This leaflet is for young people aged 13-17 to explain the condition ‘venous thromboembolism’ (or ‘VTE’) and to explore measures to reduce the risk of VTE during their stay in hospital.
What is VTE?
VTE is where a blood clot (called a thrombus) forms in a vein. The most common is a deep vein thrombosis or DVT which occurs in the deep veins of the legs. This can happen when you are inactive for a period of time and slow moving blood collects in one area and forms a clot. If the blood clot then moves and travels in the blood, it is known as an embolism.
VTE is a serious condition that can cause severe pains, swelling, skin changes and sudden collapse. When you come to the ward the doctor will undertake an assessment to see if anything needs to be done to try and stop you developing a VTE. Correct management of any risks means you would be unlikely to get a VTE during your stay in hospital.
Who is at risk?
Anyone can develop a blood clot but there are a variety of other factors that can contribute to developing a VTE:
- Previous history of blood clots
- Family history of blood clots
- Inactivity (such as after an operation or being confined to bed)
- Being overweight
- Certain types of surgery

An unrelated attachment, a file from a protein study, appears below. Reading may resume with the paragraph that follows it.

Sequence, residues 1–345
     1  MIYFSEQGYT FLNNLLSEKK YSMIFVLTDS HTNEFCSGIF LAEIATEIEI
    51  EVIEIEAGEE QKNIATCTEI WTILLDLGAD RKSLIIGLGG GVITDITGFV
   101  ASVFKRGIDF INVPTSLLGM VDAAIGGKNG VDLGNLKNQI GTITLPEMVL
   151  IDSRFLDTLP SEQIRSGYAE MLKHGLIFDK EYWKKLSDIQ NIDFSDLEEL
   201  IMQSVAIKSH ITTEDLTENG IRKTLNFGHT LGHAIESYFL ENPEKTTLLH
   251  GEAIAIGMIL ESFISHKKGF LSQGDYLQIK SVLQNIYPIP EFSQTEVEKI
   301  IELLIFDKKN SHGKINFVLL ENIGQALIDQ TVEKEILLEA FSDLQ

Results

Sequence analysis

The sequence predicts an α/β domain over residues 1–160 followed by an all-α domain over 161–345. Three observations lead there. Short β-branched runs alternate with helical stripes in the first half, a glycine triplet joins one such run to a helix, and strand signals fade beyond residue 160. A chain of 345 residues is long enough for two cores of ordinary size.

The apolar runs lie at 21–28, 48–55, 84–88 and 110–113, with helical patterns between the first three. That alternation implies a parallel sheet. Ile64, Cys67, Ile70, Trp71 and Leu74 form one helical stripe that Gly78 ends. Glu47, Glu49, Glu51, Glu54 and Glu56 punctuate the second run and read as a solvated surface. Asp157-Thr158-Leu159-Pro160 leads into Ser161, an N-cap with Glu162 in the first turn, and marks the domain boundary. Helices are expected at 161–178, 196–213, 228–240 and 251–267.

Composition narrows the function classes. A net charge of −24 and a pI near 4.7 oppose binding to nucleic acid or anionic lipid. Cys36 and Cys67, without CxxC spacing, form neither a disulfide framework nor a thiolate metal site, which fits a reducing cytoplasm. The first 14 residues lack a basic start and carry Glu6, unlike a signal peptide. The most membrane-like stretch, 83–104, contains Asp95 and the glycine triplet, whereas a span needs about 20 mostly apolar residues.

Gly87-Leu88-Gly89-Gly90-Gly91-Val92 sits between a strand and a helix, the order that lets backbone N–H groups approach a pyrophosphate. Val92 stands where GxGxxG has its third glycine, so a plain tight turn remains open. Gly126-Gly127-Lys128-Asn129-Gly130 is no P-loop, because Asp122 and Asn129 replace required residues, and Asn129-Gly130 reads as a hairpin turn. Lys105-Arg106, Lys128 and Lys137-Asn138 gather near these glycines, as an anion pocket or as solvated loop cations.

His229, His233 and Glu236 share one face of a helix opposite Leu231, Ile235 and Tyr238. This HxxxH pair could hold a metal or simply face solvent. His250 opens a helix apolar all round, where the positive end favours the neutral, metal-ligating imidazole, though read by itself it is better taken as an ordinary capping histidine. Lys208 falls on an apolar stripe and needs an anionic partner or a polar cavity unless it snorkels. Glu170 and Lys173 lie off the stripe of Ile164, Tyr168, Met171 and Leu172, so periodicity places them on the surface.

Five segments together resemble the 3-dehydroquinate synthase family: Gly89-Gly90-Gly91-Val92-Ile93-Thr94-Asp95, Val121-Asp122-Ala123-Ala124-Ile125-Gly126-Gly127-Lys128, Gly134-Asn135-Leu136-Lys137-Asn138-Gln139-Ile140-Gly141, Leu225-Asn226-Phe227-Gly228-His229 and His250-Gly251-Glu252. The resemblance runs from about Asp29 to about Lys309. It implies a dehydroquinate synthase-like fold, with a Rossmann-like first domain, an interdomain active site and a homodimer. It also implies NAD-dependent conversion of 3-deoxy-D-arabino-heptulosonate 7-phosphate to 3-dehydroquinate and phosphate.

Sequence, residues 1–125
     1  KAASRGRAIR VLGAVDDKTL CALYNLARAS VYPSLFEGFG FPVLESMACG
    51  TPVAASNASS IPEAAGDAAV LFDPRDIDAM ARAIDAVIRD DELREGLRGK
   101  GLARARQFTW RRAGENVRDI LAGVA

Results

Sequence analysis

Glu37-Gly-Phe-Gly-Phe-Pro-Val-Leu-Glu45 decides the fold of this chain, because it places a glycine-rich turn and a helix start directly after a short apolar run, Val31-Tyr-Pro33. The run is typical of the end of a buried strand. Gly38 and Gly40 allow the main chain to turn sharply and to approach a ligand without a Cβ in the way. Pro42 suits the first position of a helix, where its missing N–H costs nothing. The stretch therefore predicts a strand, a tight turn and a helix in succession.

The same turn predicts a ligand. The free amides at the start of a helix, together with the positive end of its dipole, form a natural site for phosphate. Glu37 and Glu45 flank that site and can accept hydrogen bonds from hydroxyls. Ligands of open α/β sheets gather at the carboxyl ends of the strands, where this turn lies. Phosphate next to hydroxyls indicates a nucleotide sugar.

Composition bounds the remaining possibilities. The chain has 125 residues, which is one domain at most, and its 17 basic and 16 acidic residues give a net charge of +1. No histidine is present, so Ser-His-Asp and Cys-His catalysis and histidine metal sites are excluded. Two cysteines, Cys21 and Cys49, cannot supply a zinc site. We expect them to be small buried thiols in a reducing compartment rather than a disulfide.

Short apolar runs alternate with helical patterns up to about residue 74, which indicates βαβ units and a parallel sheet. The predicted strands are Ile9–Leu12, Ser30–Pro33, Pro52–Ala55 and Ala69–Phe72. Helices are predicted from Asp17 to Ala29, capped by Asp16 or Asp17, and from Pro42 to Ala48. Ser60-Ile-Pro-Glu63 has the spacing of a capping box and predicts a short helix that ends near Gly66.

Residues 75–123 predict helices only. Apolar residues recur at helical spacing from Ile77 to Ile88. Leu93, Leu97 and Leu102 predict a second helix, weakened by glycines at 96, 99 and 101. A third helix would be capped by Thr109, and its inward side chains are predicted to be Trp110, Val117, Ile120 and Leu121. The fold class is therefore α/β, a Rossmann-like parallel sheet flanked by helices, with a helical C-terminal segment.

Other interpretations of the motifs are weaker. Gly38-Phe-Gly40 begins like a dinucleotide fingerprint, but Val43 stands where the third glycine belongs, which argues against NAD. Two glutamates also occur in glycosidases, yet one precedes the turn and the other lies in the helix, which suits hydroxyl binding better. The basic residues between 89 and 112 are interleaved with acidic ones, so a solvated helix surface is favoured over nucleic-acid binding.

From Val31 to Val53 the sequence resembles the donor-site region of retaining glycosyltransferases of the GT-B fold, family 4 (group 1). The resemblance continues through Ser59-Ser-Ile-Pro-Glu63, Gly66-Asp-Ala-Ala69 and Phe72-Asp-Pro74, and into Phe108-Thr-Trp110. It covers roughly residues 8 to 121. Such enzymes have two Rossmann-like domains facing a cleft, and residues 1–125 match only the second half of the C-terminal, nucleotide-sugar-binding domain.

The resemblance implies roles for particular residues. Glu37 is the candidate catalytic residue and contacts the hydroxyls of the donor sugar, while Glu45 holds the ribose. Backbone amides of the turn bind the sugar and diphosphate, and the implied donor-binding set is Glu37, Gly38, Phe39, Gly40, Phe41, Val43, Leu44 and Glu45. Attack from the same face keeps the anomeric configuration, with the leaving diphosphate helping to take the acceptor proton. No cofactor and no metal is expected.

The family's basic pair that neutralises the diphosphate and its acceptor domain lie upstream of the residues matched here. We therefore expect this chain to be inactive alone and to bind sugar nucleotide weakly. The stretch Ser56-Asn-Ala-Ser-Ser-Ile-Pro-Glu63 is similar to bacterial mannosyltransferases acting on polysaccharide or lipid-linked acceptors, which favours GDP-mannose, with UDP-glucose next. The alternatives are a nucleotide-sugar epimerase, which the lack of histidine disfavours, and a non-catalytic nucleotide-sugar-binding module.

- Being on the oral contraceptive pill
- Being pregnant or having recently given birth.
What are the likely symptoms of a VTE?
- Pain and swelling of one leg
- Chest pain
- Coughing up blood
If you experience any of these during your hospital stay, please inform a nurse or doctor immediately.
How can you prevent VTE during your hospital stay?
It is important that you do not become dehydrated and unless you are ‘nil by mouth’ (not able to eat or drink) you must make sure that you drink plenty.
You should move around as much as you can while in hospital. The nursing staff will tell you if you are able to walk around and they will be able to help support you to get up and out of bed regularly. If you have to stay in bed, change your position as much as possible. Once the physiotherapist, doctor or nurse has told you that you are able to get out of bed, do this as much as possible.
Depending on your assessment at the start of your hospital stay you may need to wear compression stockings or be given an anticoagulant medication. These will be discussed further with you if it is decided that you would benefit from any of these.
How long am I at risk after I go home?
You may be at risk for some time once you are at home, depending on your general health and the level of time it takes for you to return to your normal levels of activity. You can also help reduce the risk by taking regular exercise and drinking plenty of fluids.
Doctors and nurses will talk to you before you leave for home if you need to continue wearing compression stockings or taking anticoagulation medication.
If you notice any of the symptoms of a VTE when you are home you must contact your local doctor as soon as possible.
References/ Sources of evidence
Reducing the risk of blood clots (‘VTE’) Cambridge University Hospitals NHS
Foundation Trust Patient Information Leaflet (2010)
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